NASA today said its 36-year-old Voyager 1 spacecraft has officially become the first human-made object to enter into interstellar space.
For the past couple years scientists have been arguing whether or not the venerable spacecraft had in fact left our solar system or not. But in a press conference today Don Gurnett and the plasma wave science team at the University of Iowa said new data obtained around August 25, 2012 indicated Voyager had indeed moved into interstellar space.
"We literally jumped out of our seats when we saw these oscillations in our data -- they showed us the spacecraft was in an entirely new region, comparable to what was expected in interstellar space, and totally different than in the solar bubble," Gurnett said.
"The Voyager team needed time to analyze those observations and make sense of them. But we can now answer the question we've all been asking -- 'Are we there yet?' Yes, we are, "said Ed Stone, Voyager project scientist based at the California Institute of Technology.
Calling it a truly alien environment, NASA said Voyager is in a region immediately outside the solar bubble, where some effects from our sun are still evident. The area is also known as the heliopause, which is the long-hypothesized boundary between the solar plasma and the interstellar plasma.
Scientists said they don’t know when Voyager 1 will reach the undisturbed part of interstellar space where there is no influence from the sun. They also are not certain when its sister ship, Voyager 2 is expected to cross into interstellar space, but they believe it is not very far behind. Voyager 1 and 2 were launched 16 days apart in 1977. Both spacecraft flew by Jupiter and Saturn. Voyager 2 also flew by Uranus and Neptune. Voyager 2, launched before Voyager 1, is the longest continuously operated spacecraft. It is about 9.5 billion miles (15 billion kilometers) away from our sun, NASA said.
NASA noted that Voyager 1 does not have a working plasma sensor, so scientists needed a different way to measure the spacecraft's plasma environment to make a definitive determination of its location. “A coronal mass ejection, or a massive burst of solar wind and magnetic fields, that erupted from the sun in March 2012 provided scientists the data they needed. When this unexpected gift from the sun eventually arrived at Voyager 1's location 13 months later, in April 2013, the plasma around the spacecraft began to vibrate like a violin string. On April 9, Voyager 1's plasma wave instrument detected the movement. The pitch of the oscillations helped scientists determine the density of the plasma. The particular oscillations meant the spacecraft was bathed in plasma more than 40 times denser than what they had encountered in the outer layer of the heliosphere. Density of this sort is to be expected in interstellar space.” NASA said.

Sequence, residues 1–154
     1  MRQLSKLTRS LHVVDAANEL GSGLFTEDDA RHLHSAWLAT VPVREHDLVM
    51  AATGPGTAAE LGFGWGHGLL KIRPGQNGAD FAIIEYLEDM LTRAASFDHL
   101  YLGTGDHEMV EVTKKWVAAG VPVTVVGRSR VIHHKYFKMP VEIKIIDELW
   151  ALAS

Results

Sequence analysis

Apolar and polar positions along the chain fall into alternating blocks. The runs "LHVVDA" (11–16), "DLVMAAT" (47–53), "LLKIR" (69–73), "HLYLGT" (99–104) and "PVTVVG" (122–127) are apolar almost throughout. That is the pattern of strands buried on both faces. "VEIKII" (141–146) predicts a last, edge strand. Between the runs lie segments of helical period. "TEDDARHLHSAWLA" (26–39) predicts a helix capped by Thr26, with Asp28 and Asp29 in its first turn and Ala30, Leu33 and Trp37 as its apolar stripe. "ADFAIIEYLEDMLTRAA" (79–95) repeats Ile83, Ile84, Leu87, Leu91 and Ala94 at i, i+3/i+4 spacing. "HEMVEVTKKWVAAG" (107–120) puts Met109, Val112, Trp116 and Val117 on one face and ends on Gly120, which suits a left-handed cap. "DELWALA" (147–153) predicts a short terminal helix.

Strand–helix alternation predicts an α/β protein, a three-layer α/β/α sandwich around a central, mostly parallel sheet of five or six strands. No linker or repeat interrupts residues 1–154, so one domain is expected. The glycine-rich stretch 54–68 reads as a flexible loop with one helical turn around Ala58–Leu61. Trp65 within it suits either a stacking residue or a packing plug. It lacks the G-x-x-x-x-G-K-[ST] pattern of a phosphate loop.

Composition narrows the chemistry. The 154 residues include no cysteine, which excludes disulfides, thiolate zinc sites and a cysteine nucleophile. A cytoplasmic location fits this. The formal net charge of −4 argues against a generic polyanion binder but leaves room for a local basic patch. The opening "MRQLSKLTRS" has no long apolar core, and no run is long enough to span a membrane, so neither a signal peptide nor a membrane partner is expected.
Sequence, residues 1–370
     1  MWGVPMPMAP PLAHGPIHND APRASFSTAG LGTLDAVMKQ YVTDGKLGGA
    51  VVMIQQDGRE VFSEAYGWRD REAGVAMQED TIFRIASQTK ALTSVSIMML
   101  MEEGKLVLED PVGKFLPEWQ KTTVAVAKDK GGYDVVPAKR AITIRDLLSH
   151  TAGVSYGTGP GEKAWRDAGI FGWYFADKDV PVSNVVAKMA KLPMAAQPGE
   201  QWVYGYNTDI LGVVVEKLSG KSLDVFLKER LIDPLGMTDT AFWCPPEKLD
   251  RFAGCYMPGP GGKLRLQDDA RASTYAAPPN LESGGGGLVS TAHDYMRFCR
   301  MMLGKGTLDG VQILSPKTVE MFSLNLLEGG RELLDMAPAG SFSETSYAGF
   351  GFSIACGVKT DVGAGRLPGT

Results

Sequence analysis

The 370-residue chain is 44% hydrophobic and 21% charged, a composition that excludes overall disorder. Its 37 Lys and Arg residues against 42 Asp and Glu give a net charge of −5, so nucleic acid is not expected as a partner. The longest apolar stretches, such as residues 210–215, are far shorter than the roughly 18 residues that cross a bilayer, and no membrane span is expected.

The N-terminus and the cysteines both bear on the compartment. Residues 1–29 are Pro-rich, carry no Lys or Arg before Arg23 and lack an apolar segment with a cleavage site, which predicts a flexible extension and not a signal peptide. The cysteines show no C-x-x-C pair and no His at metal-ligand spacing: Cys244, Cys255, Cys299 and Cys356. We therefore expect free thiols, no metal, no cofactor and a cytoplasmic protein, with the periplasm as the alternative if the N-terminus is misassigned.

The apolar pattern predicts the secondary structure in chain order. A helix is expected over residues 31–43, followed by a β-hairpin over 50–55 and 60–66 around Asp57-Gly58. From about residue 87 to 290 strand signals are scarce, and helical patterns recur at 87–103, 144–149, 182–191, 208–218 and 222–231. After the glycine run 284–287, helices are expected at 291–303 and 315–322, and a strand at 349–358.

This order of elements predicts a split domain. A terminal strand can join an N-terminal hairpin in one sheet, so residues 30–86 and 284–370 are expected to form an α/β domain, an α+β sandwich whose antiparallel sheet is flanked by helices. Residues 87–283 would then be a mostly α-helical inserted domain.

Voyager mission controllers still talk to or receive data from Voyager 1 and Voyager 2 every day, though the emitted signals are currently very dim, at about 23 watts -- the power of a refrigerator light bulb.
By the time the signals get to Earth, they are a fraction of a billion-billionth of a watt, NASA said. Data from Voyager 1's instruments are transmitted to Earth typically at 160 bits per second, and captured by 34- and 70-meter NASA Deep Space Network stations. Traveling at the speed of light, a signal from Voyager 1 takes about 17 hours and 22 minutes to travel to Earth. After the data are transmitted to NASA’s Jet Propulsion Laboratory and processed by science teams and Voyager data are made publicly available.
NASA says it anticipates being able to communicate with Voyager for about 10 more years.
The cost of the Voyager 1 and Voyager 2 missions -- including launch, mission operations and the spacecraft's nuclear batteries, which were provided by the Department of Energy -- is about $988 million through September, NASA said.
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